With another international break upon us, and as we having now played 13 games across three competitions it feels like a good time to take a look at United’s start to the season and identify various issues, positive and negative. It always important to avoid jumping to hasty conclusions, or reinforcing in one’s own mind pre-conceived assumptions about issues and personalities; there will always be plenty of that amongst fans and the football media. Opinion varies from fan to fan and media outlet to media outlet; certain newspapers appear to have gone into this season with a clear and preconceived take on Van Gaal , and whatever transpires they appear set on reporting with a negative spin. They may be proved wrong, they may be proved right, but they won’t let any of that get in the way of whatever is the most marketable story.
But what are the issues? We are going to look at them now and use a few recent games as points of reference.
Overall the squad looks to have a far better balance this season than last. This is particularly true down the spine of the team where Van Gaal now has plenty of options. The balance between the number of attack- minded players and defence- minded players also seems to be better, although one or two issues persist. We have highlighted these before but we should now add that the long term injury to Shaw adds to our existing concerns around the left side of defence. This may mean that in time the manager will have to compromise on his preference for left footed players on the left and right footed players on the right (and he is already done so in the case of Matteo Darmian). We have enough defenders, but if the manager sticks to his preference the balance across the width of the pitch may become an issue. There remains an ongoing question as to whether our defensive players are good enough.
The other area where the balance of the squad may be an issue is at centre-forward and the right side of our attack. The system that Van Gaal currently prefers requires only one central striker and Martial’s prolific start to his career at Old Trafford may at first seem to alleviate concerns, but – as has been pointed out by many – you can’t expect consistency across a full season from a 19-year old. This view is reinforced by Van Gaal’s decision to retain James Wilson rather than allow him the loan move that would give him the game time he needs to develop. This area remains a concern and United may need goals from the support cast to make a continuing impact at the top end of the table. The right side of our attack is an issue because of Mata’s lack of pace and his natural tendency to come inside. That inclination isn’t a bad thing in itself and he has perhaps been United’s best player over the last month, but this can leave Darmian exposed at right back. We saw this recently in the games at Southampton and Arsenal when the defender has been withdrawn at half-time. Post-match analysis has focused on the form of the new full-back and has generally ignored the factor of Mata’s movement, which can rob Darmian of any protection.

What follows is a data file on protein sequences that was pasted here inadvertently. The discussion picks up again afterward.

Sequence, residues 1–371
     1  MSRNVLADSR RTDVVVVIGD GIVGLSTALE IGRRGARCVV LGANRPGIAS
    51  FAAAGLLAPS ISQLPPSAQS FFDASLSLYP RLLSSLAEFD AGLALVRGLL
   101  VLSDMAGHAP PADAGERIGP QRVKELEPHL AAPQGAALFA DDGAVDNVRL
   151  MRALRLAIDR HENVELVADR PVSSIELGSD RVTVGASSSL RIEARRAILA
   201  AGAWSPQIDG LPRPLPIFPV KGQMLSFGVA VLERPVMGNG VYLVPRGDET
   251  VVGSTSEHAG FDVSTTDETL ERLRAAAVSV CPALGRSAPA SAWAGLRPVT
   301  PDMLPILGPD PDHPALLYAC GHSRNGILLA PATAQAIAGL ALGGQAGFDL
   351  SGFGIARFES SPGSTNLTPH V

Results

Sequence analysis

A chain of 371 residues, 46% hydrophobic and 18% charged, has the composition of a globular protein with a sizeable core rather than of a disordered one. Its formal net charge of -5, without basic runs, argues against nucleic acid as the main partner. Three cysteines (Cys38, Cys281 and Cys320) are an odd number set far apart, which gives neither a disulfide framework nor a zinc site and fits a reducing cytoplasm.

Case for the defence
To look more closely at the defence as a unit in addition to the issue of the left side of our central defence, the other concern which stands out is defensive leadership.
In the early season, United’s full backs were in excellent form, with some observers suggesting that we had the best full back pairing in the Premier League. Unfortunately Shaw’s injury has complicated matters and Darmian has since had a couple of difficult games. Despite this, we wouldn’t have too many concerns in the medium to long term about the full back positions. In the game against Sunderland Darmian was switched to the left side, allowing Blind to remain on the left side of the central defence. He did okay there, but Sunderland didn’t pose too great a threat. That decision to move him across may have been considered necessary by Rojo’s hamstring injury. The alternative course of action if Rojo had been available would have been to play him as the left sided central defender and put Blind at left full back where he played a good deal of his football last season. That would have allowed Darmian to stay at right back. Darmian can play at left back however, as, like Blind, he played a good deal of his club football there last year. The option of playing Valencia at right back though is not necessarily an issue although he had a mystifyingly bad game against Wolfsburg.
This discussion illustrates that United have options across the back, but what it also shows is that currently United need to juggle to make things work. Perhaps to do so they will have to put Van Gaal’s principle of left footed players to the left and right footed players to the right to one side, at least for now. Of course, the other topic is the number of players being played out of their natural and favoured position. Van Gaal has consistently made the statement that he is a manager who likes “multi-functional” players. This is fine in principle, but you can go too far with this, one or two players across the whole team “doing a job” in an alternative position may work for a while, but too many, and too many in one area of the team is likely to be more of an issue. For example against Wolfsburg as the visitors mounted a late push United had a right back (Darmian) at left back, a left winger (Young) at right back and a left sided defensive midfield player (Blind) at left centre back. To stiffen things up in the face of Wolfsburg’s late charge Van Gaal moved Blind to left midfield and introduced Jones (a right sided centre back) moving Smalling (a right sided centre back) to the left. It remains a mystery how they survived those last fifteen minutes.
Blind or Rojo on the left of the defence?